North Carolina is facing the same bullet Maryland dodged when the Global Warming Solutions Act died in the House Economic Matters Committee this past legislative session.
The policy recommendations emanating from North Carolina's Climate Action Plan Advisory Group are eerily similar to those recommended by our own Maryland Commission on Climate Change. Why is that? Well because they were written by the same Soros/Rockefeller/Heinz funded alarmist advocacy group the Center for Climate Strategies (CCS).
Carolina's John Locke Foundation, a free market think tank, commissioned the Beacon Hill Institute to conduct a peer review of CCS' economic analysis. CCS claimed that its policy recommendations would create jobs, benefit that state's economy and help stop global warming.
Beacon Hill's findings lay bare the fallacy of CCS' claims.
North Carolina would lose more than 33,000 jobs and face a $4.5 billion hit to its Gross State Product by 2011, if lawmakers adopt just a fraction of the policies under consideration now to address climate change. A Boston-based economist who has analyzed the policy proposals will deliver that message Tuesday to a legislative study group.The policies studied also would cost the state more than $502million in investment, lower real disposable income by $2.2 billion, and reduce state and local revenue by more than $184 million, said David Tuerck, chairman of the Suffolk University Department of Economics and executive director of the department’s research arm, the Beacon Hill Institute...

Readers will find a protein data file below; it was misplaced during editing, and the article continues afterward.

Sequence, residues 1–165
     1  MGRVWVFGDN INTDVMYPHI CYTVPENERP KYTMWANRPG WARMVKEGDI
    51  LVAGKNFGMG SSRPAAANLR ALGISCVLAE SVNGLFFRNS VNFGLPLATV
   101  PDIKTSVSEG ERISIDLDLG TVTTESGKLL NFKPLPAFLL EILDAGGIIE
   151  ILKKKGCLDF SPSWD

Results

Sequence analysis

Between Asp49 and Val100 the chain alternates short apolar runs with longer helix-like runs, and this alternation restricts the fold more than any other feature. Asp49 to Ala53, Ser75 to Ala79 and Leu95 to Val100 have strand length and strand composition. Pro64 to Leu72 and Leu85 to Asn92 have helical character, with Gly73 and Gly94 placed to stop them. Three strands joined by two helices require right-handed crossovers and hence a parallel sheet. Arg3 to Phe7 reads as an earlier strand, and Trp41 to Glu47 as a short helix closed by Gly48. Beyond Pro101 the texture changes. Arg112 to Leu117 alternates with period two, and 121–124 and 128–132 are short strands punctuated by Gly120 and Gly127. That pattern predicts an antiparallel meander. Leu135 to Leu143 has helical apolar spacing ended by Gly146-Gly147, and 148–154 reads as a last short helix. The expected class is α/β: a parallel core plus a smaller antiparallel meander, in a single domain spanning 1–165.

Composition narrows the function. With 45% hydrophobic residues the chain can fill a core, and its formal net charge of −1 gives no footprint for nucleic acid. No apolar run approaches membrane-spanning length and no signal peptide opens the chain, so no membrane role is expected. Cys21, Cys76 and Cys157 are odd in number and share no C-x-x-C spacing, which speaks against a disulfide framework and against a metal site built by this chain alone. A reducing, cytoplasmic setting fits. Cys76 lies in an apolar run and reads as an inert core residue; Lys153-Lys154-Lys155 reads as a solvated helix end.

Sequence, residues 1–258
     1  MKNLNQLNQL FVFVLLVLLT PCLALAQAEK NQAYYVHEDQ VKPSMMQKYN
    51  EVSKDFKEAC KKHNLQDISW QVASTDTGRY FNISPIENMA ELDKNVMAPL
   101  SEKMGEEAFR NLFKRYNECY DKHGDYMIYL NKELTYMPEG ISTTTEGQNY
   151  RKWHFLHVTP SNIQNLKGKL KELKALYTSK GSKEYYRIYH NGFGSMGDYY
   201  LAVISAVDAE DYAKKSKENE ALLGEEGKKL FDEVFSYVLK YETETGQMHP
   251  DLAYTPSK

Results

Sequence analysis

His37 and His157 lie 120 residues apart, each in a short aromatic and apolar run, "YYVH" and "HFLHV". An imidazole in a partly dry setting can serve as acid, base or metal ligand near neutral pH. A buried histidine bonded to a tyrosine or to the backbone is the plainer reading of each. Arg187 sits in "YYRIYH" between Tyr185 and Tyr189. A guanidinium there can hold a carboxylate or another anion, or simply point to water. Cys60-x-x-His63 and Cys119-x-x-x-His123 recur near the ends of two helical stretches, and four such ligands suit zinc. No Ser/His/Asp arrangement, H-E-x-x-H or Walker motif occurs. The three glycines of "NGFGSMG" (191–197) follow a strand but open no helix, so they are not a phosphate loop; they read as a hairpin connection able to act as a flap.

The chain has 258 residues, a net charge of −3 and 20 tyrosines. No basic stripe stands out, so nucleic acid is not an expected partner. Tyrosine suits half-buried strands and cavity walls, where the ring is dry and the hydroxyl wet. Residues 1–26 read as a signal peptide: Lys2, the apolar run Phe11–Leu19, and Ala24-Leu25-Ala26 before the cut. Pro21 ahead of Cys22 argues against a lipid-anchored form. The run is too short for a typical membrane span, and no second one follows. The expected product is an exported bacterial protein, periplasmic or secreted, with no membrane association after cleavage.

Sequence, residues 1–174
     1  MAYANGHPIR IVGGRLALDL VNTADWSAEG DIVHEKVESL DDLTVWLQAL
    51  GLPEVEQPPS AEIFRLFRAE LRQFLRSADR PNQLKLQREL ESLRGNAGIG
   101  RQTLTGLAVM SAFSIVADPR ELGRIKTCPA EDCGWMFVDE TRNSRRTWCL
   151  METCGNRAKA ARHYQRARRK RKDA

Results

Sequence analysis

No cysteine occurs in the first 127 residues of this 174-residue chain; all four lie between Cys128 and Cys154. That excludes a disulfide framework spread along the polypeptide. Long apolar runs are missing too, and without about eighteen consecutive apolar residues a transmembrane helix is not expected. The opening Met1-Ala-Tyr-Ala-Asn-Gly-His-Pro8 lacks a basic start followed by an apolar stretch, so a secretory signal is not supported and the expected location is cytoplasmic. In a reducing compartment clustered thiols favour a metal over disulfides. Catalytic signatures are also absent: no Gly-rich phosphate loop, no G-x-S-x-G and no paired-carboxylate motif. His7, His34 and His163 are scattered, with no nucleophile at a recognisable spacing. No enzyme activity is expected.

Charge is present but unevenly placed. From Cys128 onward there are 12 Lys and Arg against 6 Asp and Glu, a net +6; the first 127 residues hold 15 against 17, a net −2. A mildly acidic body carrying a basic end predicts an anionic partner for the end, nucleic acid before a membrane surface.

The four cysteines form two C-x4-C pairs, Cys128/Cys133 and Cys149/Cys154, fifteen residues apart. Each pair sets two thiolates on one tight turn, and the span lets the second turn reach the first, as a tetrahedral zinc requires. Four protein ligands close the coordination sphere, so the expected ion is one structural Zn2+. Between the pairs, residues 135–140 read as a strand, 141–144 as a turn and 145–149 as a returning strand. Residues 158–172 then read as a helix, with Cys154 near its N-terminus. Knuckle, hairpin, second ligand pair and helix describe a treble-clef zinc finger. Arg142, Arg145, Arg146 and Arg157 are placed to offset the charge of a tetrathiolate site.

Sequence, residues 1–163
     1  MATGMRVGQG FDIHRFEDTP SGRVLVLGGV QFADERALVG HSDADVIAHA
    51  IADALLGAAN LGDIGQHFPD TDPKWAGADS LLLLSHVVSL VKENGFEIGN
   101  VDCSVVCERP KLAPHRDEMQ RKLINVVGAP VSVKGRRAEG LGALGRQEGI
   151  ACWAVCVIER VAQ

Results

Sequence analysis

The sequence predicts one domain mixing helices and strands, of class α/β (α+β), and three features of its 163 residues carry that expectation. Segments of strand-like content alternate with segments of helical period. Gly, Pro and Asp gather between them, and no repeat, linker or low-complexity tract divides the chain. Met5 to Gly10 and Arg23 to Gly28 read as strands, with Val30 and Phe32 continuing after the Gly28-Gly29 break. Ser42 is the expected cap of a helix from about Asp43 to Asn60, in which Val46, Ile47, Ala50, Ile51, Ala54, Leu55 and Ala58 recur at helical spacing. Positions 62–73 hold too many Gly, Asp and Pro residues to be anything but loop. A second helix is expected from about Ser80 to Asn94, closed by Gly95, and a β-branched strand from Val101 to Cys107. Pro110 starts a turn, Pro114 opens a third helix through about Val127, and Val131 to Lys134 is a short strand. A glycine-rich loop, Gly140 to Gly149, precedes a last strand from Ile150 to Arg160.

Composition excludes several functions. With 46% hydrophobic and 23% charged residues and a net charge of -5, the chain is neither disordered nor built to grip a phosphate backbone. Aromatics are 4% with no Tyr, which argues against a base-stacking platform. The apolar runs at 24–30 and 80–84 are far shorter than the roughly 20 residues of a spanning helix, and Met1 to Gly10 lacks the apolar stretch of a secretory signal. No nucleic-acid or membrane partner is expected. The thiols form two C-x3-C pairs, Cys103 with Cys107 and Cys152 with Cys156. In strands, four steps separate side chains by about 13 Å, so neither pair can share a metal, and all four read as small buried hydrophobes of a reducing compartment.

"You can’t create jobs that are good jobs — that are adding to the state economy — by shifting workers from more productive to less productive activities,” he added. “You can’t create good jobs, the kind of jobs you want to create, by increasing energy costs, by increasing the price of electricity, by imposing what amount to new taxes. This is not the way to create jobs. All these claims about job creation and the like are bogus claims and unsupportable by even the most naïve sort of economic analysis...”
Saner heads may prevail in the Tar Heel state. In Maryland however, the environmentalists are looking to reload the clip and put two in the head of our state's economy.